Integration of Human Factors in an Automated Driving Supervision System

Open Access
Article
Conference Proceedings
Authors: Jordan ScoliegeJessy BarrePhilippe Cabon

Abstract: In the field of transport, the reduction in the number of accidents caused by human error is often put forward as an argument in favor for the deployment of autonomous vehicle (Fagnant, & Kockelman, 2015). However, as long as autonomous vehicles are not capable of handling all driving situations, the human operator remains in the control loop and cooperates with the autonomous system (SAE levels 2, 3, and 4 - scale from 0 to 5 where 5 corresponding to the fully autonomous vehicle). The development of supervision systems could be a means to improve safety in these systems, as it has been the case in other transportation modes such as aviation and railways. Indeed, the supervision of autonomous vehicles (e.g.: shuttle fleet) would enable to secure the operation by anticipating incidents (e.g.: support the driver-system relationship, as an air traffic controller would do for pilots), while guaranteeing the reliability (management of system failures) and regularity of the transportation network. However, for Hoc (2000), automation is nevertheless at the origin of a certain number of deleterious effects on the human operator, such as a loss of expertise and adaptability or a lack or excess of confidence in the system, which can lead to errors. Also, human operators can misuse or abuse the automation technology. (Parasuraman and Riley, 1997). Moreover, in this human-machine cooperation, many effects have been observed such as automation bias and complacency phenomena, which can also lead to accidents (Parasuraman & Manzey, 2010).In the perspective of the literature review, we wish to bring keys elements to the designers to create a safe automated driving system. We anticipate this need through the analysis of work activity and creativity. However, autonomous vehicles not representing a mature technology or having applications in the current society. That requires a projection into a future environment and study of the resulting human factors. Prospective ergonomics (Brangier & Robert, 2014) permits to leads us to deploy that. To anticipate the major functions necessary for the future supervision activity, the approach of the “possible future activity” is applied (Daniellou, 1992). This approach studies the reference situations. We identified many sectors of activity with strong similarities with our system such as aviation, railways, bus or nuclear. Until now, four situations were integrated: the supervision of buses and tramways, the civil air traffic control, and the military air traffic control and the autonomous drone in logistics. These reference situations allowed us to identify their strength and weakness around 7 major components of the supervision (safety, infrastructure, hardware, degree of automation, software, organization of the system and human factor). This step builds prerequisites for the creation of the future supervision system. To integrate and adapt them, the next step will be the realization of creativity workshops which will revolve around expert-staff with the objective of proposing a set of specifications for the designers of the main functions to allow the integration of the human factor from the first phases of implementation in this system.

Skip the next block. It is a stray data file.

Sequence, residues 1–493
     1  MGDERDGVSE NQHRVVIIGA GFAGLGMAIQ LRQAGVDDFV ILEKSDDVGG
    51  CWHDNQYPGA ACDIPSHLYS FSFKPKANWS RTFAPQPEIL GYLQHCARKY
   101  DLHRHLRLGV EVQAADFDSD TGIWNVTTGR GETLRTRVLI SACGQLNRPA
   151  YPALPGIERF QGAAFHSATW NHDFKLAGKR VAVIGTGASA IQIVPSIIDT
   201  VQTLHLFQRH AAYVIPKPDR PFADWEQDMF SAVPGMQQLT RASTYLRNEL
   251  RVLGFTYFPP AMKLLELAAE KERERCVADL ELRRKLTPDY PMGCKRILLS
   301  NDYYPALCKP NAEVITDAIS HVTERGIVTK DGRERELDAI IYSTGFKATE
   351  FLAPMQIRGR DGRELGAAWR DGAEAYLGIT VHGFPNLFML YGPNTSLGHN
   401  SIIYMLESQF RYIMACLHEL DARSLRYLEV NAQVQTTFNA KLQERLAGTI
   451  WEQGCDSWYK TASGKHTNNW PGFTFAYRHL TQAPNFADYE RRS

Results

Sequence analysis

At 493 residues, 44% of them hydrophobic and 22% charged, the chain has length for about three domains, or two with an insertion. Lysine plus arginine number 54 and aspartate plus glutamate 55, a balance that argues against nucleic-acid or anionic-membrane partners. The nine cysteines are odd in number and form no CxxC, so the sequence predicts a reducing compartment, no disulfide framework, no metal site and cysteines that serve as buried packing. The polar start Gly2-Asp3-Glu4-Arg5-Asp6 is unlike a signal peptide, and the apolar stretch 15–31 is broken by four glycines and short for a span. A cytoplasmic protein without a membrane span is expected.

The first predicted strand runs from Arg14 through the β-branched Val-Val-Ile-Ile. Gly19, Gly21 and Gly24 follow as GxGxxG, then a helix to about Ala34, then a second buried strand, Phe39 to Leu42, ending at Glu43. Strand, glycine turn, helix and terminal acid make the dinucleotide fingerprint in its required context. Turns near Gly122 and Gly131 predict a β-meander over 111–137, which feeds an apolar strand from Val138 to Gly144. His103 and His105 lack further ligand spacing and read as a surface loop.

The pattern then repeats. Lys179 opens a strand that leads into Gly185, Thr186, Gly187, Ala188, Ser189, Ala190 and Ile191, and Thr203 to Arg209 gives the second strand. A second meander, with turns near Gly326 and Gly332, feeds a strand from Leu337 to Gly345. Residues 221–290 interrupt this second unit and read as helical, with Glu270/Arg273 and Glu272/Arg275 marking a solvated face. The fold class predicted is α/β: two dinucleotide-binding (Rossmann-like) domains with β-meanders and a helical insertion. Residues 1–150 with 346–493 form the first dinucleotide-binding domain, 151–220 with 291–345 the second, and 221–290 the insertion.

Keywords: Prospective ergonomic, Autonomous véhicule, Supervision

DOI: 10.54941/ahfe1002308

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